The bleating, effected horns of Francilia herald Shallow Water – a slow, stirring, processional funeral march which trudges to wailing tenors and trumpets (quite different from the dance-groove original); Lil’ Liza Jane‘s infectious, shuffling trad playfulness echoes to almost sneery horn riffs amidst the most vociferous tuba, organ and percussion; and trancelike The Bague is just as cunningly shambolic. Held-back gospel tune Indian Red feels made for such a live setting, preening itself with hard-blown brass before breaking into swingin’ double-time abandon, whilst the grungy, rasping blues of I Thank You Jesus, underpinned by Nicholls’ sustained, palpitating keys and Theon Cross’s wildly whooping tuba, demands to be heard over and over.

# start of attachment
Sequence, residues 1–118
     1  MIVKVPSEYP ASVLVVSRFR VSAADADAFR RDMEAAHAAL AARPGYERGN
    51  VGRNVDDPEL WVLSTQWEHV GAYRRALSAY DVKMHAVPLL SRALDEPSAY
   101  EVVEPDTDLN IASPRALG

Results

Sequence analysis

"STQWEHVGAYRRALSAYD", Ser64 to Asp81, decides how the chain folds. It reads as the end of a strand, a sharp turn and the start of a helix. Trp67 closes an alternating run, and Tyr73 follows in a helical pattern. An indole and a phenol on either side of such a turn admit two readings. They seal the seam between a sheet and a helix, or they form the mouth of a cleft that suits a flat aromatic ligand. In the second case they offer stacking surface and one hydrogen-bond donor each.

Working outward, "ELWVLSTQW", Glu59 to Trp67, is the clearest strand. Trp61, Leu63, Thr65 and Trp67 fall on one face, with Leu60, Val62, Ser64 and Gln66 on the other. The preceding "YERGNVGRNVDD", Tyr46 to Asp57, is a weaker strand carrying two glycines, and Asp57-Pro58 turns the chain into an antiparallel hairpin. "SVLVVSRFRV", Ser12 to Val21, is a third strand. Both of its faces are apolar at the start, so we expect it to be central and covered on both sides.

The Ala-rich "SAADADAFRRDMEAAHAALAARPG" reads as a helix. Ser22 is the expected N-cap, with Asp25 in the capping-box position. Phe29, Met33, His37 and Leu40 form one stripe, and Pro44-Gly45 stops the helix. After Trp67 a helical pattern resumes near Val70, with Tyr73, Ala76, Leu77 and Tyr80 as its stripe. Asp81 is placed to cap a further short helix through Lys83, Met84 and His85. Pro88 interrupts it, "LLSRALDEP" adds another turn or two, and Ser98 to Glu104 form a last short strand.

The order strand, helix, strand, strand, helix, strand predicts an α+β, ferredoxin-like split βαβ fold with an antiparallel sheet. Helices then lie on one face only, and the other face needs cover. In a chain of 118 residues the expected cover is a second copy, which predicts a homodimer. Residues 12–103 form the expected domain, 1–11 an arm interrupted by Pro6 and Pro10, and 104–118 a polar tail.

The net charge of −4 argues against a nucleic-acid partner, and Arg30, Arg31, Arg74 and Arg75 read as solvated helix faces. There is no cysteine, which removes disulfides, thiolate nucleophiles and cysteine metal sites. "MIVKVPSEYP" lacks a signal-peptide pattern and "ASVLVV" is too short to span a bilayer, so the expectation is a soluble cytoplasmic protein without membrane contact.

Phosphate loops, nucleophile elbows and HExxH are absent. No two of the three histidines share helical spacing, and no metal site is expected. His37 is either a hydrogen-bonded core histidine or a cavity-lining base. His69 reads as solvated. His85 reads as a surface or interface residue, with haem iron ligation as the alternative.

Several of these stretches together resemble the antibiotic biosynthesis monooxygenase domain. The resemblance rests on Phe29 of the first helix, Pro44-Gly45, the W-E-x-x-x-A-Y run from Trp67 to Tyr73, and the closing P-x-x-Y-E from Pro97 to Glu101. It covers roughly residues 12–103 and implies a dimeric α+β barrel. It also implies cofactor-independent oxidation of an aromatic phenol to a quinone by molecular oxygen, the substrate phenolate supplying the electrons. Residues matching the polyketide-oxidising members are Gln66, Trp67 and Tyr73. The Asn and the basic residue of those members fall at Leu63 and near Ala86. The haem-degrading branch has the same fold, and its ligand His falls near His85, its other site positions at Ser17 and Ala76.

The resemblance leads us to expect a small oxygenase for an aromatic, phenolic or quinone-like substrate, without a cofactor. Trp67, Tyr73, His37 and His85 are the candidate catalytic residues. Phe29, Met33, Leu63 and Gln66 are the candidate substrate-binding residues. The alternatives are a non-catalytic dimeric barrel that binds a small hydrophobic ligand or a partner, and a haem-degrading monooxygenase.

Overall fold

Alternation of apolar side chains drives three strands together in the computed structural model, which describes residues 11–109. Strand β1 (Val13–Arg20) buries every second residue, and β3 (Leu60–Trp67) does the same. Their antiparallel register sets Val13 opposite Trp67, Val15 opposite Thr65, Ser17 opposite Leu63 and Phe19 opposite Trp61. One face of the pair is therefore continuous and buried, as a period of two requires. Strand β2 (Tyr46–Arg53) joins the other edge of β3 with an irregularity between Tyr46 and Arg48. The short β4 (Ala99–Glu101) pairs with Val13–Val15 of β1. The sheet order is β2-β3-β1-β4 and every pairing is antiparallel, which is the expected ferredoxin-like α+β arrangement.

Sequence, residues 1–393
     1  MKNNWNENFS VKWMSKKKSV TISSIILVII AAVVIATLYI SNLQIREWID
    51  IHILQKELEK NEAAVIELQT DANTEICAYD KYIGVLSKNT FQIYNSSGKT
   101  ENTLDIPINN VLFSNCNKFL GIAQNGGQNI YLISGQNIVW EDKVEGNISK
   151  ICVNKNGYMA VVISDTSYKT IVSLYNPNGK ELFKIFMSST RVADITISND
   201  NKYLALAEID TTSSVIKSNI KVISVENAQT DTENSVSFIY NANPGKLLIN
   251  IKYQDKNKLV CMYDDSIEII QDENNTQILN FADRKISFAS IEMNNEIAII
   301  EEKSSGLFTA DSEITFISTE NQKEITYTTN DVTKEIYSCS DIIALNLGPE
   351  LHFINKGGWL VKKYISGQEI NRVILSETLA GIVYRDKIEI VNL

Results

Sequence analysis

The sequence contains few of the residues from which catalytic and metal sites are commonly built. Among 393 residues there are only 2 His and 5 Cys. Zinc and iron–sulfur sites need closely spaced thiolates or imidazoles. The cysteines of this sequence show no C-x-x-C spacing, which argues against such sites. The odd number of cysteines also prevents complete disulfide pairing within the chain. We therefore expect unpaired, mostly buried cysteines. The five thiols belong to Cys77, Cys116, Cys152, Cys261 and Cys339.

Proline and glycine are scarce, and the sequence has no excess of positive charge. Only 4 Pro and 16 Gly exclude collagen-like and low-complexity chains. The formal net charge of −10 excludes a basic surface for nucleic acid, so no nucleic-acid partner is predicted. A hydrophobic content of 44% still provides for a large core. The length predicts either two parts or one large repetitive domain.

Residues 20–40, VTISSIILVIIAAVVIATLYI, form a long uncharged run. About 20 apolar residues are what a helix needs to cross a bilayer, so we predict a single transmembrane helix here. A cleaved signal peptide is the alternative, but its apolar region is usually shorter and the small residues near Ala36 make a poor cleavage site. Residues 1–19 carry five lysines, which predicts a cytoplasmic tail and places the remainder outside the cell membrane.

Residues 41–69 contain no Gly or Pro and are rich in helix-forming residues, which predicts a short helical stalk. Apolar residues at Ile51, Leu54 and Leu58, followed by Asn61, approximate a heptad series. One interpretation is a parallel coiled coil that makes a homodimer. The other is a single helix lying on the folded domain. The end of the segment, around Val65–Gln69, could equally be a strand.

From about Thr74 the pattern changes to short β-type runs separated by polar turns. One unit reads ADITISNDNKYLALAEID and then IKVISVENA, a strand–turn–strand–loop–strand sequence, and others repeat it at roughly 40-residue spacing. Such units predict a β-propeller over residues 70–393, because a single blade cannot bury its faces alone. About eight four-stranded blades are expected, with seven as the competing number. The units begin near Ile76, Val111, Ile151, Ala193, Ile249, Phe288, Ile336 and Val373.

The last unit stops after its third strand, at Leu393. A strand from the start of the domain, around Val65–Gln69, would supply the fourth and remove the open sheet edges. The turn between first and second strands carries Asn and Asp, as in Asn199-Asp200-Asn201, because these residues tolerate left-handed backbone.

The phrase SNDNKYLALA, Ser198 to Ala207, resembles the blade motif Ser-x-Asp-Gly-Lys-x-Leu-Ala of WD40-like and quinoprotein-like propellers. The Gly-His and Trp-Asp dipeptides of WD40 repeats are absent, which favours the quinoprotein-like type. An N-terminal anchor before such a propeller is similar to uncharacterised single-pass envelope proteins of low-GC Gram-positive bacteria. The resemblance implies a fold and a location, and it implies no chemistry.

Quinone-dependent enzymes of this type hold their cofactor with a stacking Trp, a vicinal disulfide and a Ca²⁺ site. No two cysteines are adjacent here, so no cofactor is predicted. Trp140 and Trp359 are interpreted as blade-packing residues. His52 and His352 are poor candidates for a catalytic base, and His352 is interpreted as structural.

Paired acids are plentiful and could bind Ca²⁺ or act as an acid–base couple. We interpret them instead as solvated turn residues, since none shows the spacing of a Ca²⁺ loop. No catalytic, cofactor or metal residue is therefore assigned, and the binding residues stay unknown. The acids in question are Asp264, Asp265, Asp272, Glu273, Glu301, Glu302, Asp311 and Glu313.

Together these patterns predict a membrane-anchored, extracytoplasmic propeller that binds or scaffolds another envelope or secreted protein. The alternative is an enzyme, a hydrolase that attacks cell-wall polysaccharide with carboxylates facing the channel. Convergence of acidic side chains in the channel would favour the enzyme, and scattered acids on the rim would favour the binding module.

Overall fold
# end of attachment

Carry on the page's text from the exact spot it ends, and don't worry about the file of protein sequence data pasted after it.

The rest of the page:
Nyodi‘s oscillating canvas invites a delightfully unexpected Joe Zawinul-type tuba groove (à la River People), complemented by Wayne Shorter-style tenor tumblings and, appropriately, sustained, Weather Reportian chord clusters. Rapid, madcap capers in The Merman suggest Madness on acid; and the glorious, reedy, push-pull riff of Francis P (all ten minutes or more of it, compared to the original of less than three) enjoys a frenetic phantasmagoria of organ/keys, jousting trumpets, flailing tuba and the oxymoron of an ascending electronic wind-down.

A splendid, visceral hullabaloo. Turn up the volume and immerse yourself in it. Released on 21 April 2017, Brass Mask’s Live is available as CD or digital album from Bandcamp.

 

Tom Challenger tenor sax, clarinet
George Crowley tenor sax, clarinet
Rory Simmons trumpet
Alex Bonney trumpet
Nathaniel Cross trombone
Theon Cross tuba